Spherical Solutions to Stars


Static spacetime is defined as [Schutz]

  1. all metric components are independent of time;
  2. geometry is unchanged by time reversal.

Equation of Motion

For spherical configuration, we have the line element of the form

\[ds^2 = - e^{2\Phi} dt^2 + e^{2\Lambda} dr^2 + r^2 d\Omega^2.\]

For future reference, we write down some metric elements.

\[\begin{split}g_{00} &= -e^{2\Phi} \\ g_{rr} & = e^{2\Lambda}.\end{split}\]

Exterior Solutions

Interior Solutions

By defining

\[m(r) = \frac{1}{2} r ( 1 - e^{-\Lambda(r)} ).\]

the 00 component of the Einstein equation is basically the mass function

\[m(r) = \int_0^r dr' 4\pi r'^2 \rho(r').\]

The other components leads to the famous TOV equation

(20)\[\frac{dp}{dr} = - \frac{ (\rho+p(r))(m(r) + 4\pi r^3 p(r)) }{ r(r-2m(r)) },\]

where \(m(r)\) is the mass function.

Newtonian Limit

Newtonian limit of the same equation is

(21)\[\frac{dp}{dr} = -\frac{ {\color{red}\rho(r)} {\color{blue}m(r)} }{ r^2 },\]

which can be derived by looking at a shell of mass at radius \(r\).

To derive this we need to construct a shell of mass at radius \(r\). At this shell gravity is balanced by pressue since we assumed a static star.

Interpretation of TOV equation

We can make sense of it and cast it into a more Newtonian form. We know that proper distance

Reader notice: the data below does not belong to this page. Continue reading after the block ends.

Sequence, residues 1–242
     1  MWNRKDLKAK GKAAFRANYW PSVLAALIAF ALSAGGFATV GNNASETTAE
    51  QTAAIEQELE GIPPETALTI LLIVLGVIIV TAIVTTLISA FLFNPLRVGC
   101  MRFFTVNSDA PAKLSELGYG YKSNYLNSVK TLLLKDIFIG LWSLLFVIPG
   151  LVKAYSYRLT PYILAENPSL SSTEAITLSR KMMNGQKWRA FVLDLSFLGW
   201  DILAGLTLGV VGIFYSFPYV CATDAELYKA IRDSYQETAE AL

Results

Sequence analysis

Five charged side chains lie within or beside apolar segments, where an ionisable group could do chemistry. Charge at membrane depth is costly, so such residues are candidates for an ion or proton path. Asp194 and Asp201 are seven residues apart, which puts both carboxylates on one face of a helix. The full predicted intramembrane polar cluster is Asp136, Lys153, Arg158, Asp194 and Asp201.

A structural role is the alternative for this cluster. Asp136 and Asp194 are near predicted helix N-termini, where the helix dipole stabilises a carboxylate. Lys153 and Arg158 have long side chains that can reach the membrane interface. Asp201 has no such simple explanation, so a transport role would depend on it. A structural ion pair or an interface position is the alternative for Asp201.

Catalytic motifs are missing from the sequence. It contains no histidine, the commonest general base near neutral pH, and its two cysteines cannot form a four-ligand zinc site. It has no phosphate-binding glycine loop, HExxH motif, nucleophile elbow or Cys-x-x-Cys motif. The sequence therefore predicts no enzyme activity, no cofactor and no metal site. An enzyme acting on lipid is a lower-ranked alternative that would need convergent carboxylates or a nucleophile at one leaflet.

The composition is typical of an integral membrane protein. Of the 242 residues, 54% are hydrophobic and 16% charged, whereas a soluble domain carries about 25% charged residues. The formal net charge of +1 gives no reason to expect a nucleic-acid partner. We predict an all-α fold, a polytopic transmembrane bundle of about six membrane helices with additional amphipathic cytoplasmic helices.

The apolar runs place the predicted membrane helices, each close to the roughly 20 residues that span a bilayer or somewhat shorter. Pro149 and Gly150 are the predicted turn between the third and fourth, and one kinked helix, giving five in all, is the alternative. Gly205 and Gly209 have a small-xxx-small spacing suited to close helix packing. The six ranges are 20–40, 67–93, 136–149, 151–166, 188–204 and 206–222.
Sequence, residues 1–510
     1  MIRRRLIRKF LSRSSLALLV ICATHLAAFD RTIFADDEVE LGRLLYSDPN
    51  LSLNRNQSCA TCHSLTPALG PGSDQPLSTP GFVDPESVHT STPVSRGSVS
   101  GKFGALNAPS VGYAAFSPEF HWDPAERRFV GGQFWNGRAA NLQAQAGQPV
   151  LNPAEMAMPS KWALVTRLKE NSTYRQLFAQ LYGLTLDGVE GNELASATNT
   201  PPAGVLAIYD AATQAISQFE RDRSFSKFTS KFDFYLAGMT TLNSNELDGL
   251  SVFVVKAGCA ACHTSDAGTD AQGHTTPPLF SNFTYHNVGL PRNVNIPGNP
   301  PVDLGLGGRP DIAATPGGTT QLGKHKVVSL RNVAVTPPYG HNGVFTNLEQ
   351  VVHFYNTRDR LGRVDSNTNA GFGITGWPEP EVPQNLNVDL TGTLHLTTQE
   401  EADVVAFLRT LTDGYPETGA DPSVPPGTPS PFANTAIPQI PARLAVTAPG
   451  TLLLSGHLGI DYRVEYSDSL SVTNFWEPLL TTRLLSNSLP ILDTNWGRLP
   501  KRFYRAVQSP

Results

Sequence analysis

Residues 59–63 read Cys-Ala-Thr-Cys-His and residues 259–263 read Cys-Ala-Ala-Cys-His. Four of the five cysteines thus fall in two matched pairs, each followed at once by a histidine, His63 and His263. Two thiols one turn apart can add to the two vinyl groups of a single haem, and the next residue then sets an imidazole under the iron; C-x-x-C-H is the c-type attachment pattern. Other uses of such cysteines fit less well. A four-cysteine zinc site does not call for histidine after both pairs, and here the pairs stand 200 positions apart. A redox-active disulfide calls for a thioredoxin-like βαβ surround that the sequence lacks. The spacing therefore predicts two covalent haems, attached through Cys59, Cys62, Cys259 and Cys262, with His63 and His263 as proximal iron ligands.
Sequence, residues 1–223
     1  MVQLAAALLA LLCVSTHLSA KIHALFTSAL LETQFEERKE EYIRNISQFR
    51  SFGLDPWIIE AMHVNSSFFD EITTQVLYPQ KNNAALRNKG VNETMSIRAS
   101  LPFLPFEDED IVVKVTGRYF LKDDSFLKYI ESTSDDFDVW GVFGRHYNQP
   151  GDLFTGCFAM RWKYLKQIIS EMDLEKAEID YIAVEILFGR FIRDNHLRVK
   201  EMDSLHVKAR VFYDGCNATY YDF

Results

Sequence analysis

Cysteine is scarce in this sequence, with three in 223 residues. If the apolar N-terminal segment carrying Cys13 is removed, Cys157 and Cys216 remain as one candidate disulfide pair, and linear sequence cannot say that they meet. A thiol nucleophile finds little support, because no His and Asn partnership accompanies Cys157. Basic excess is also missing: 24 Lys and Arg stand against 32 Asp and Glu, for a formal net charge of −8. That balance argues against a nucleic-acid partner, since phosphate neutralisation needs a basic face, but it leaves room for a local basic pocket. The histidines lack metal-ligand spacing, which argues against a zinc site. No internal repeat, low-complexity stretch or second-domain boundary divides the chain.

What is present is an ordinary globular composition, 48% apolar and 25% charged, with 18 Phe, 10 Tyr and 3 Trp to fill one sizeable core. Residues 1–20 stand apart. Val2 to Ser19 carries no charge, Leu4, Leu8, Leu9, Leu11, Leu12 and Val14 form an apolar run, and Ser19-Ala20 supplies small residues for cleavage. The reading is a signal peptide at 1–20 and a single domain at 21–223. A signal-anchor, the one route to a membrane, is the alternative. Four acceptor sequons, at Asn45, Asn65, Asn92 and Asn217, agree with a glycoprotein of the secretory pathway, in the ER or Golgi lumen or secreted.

\[dl = \sqrt{g_{rr}} dr = e^{-\Lambda} dr = (1-2m/r)^{-1} dr.\]

Then we rewrite (20) as

(22)\[\frac{dp}{dl} = - \frac{ {\color{red}(\rho+ p(r))} {\color{blue}(m(r) + 4\pi r^3 p(r))} }{ r^2 }.\]

The term \({\color{red}(\rho+ p(r))}\) corresponds to the contribution from the shell of mass \({\color{red}\rho(r)}\) in Newtonian theory (21). The reason that we obtained a new contribution from pressure is that pressure is also the source of gravity. The second term is the total contribution of mass inside the shell. For a similar reason we pick up a pressure term in relativity.

The TOV equation with proper length (22) has some very interesting implications. Suppose we are at a coordinate radius \(r\) of a star. We measure the pressure gradient \(\frac{dp}{dr}\vert_r\). Then we restrict ourselves on this shell at radius \(r\). Then what we experience is basically a Newtonian-like \(1/r^2\) law.


However, the second term in \({\color{blue}(m(r) + 4\pi r^3 p(r))}\) is kind of strange. It seems that we need no knowledge of pressure inside the shell to get the pressure gradient. It is not simply the total mass contribution from inside.

Something is not right.

References and Notes

[Schutz]A First Course in General Relativity (Second Edition)